Sustainable Resources and Development Minister Diana McQueen is undecided on issuing cull permits to trappers to further remove Alberta’s wild horses from the western foothills and Eastern Slopes of the Alberta Rocky Mountains. Once the decision is made, the permits issued to trappers will be as early as Nov. 1, with the trapping season starting on Dec. 15.
In the past two winter seasons, over 350 head have been captured and sent to slaughter. This is an indiscriminate cull, taking foals, pregnant mares and stud horses. These permits are issued to trappers who construct catch pens and bate the traps with hay and salt to lure the horses in. Once they are captured, they are herded into trailers and taken to the kill floors.
Wild Horses of Alberta Society (WHOAS), a non-profit organization actively engaged in a plight to conserve the wild horses of Alberta, was able to buy a few head from these trappers, eventually offering them for adoption. But due to limited facilities, relying on members and donations, resources are limited.
Estimates from Office of Sustainable Resources and Development state there are fewer than 770 head left in the wild. We are not certain how these numbers are calculated as there never has been an official study on population numbers. Taking into consideration foal mortality, due to Alberta spring weather and predators, it will take years for these numbers to replenish.
The hardest hit area last winter was the Panther River, Ghost Reserve Area. Where there once were great bands of horses free roaming in this area, only a few horses remain. This has impacted tourism to the area many times over. Tourists consisting of Albertans, people from other provinces, and visitors from several countries from around the world have come to the area to expecting to view the wild horses, only to leave disappointed.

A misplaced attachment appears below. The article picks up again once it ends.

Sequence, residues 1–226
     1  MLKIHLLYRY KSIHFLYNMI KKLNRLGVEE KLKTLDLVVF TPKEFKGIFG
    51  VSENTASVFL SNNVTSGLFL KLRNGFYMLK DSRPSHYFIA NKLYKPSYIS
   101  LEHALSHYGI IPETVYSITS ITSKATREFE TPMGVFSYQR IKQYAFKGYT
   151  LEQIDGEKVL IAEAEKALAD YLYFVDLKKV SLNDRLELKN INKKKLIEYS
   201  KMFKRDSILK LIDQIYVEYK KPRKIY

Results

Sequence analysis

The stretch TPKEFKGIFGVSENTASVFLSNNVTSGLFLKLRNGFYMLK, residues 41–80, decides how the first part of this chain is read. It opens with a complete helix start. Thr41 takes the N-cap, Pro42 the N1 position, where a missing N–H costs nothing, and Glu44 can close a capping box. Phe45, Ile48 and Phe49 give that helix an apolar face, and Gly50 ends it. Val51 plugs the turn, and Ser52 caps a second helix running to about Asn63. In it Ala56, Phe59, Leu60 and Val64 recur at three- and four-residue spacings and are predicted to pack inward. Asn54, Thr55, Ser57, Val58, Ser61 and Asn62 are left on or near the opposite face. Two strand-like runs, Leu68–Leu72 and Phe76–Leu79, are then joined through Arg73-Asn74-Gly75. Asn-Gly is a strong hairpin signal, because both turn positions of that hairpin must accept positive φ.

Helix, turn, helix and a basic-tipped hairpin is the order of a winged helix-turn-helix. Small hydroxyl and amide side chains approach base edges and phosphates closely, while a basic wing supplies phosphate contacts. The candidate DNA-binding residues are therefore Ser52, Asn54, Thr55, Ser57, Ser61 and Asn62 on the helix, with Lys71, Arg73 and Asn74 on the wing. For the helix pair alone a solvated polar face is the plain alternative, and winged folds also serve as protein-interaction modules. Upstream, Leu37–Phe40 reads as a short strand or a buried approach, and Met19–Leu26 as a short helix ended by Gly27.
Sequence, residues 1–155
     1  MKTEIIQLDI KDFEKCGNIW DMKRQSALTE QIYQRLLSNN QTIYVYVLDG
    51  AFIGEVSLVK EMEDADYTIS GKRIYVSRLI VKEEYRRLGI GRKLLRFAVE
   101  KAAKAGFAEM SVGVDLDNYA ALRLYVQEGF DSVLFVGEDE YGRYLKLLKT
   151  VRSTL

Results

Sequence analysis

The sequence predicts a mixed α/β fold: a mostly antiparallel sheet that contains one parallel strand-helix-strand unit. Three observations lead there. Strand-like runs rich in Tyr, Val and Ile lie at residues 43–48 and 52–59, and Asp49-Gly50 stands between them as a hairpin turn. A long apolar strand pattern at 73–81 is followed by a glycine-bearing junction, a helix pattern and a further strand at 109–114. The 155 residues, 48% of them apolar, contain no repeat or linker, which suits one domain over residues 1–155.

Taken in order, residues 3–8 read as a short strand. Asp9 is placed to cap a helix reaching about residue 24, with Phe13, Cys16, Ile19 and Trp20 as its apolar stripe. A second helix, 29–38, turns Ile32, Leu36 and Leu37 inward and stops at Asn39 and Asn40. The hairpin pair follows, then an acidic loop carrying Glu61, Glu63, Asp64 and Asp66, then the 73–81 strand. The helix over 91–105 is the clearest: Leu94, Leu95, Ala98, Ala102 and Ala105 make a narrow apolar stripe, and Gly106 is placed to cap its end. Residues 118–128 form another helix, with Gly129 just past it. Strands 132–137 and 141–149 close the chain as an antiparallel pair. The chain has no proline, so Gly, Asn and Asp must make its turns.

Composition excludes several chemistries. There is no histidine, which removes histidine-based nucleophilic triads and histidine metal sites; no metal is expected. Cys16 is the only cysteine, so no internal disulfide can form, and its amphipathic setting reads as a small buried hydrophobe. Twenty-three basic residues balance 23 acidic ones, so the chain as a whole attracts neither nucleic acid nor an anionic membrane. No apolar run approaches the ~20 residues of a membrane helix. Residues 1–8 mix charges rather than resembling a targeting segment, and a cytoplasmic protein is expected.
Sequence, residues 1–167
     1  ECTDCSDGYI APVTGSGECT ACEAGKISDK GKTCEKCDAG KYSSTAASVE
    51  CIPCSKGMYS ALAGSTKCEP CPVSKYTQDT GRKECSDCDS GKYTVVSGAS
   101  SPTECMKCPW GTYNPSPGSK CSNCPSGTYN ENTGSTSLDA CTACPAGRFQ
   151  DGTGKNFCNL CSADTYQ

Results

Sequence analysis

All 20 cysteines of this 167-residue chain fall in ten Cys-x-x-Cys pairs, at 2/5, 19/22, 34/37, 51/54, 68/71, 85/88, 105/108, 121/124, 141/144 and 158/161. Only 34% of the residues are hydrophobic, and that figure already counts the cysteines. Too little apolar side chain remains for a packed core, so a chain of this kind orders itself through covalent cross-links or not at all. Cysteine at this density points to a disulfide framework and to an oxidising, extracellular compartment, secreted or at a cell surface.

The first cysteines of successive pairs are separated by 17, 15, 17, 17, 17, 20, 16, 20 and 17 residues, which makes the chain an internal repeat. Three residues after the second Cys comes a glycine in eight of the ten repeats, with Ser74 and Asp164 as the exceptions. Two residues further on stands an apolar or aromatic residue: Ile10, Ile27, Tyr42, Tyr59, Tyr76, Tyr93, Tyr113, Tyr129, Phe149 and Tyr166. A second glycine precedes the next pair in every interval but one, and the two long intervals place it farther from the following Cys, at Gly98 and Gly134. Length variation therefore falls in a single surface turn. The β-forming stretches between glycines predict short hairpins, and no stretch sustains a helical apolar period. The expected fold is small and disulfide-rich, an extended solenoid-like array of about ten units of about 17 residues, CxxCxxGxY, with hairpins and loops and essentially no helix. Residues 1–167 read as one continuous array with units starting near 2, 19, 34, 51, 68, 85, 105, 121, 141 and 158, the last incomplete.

They travel in private vehicles, tour buses, take a trail ride into the backcountry, book accommodations at a local outfitters etc. This has huge effects on the local economy and will do so for years to come. Please write or call the minister of Tourism, Christine Cusanelli, and let her know how important wild horses are for tourism and the Alberta economy.
Wild horses have been a part of the West Country of Alberta dating back to the 1800s and with natural selective breeding, they have created a gene pool distinct to only Alberta.
Were you aware that these horses were captured during the First World War, taken to Europe and served as mounts for the military. Does this not say something for their ruggedness and hardiness?
These same wild horses are an integral and natural part of the ecosystem, assisting in the control of wild fires, grazing the cut blocks, a natural food source for the grizzly (protected species), black bear and wolves. Support from Albertans and Canadians is required to prevent the cull of 2012-2013 and to bring forward a motion to create an Alberta Heritage Species Act. We urge you to contact McQueen, Cusanelli or your local member of the legislative assembly to stop this potential slaughter.
Currently the government considers these animals a feral species, even though this species is unique to Alberta. Please urge MLAs to have their status changed. The wild horses of Sable Island are a protected species and recently the government of Saskatchewan brought in legislation to protect their wild ponies. And the Newfoundland pony is protected though legislation. Why is the government of Alberta so lagging in this recognition and protection of our native free roaming wild horses?
Wayne Krejci, Shelby MacKenzie
Members of WHOAS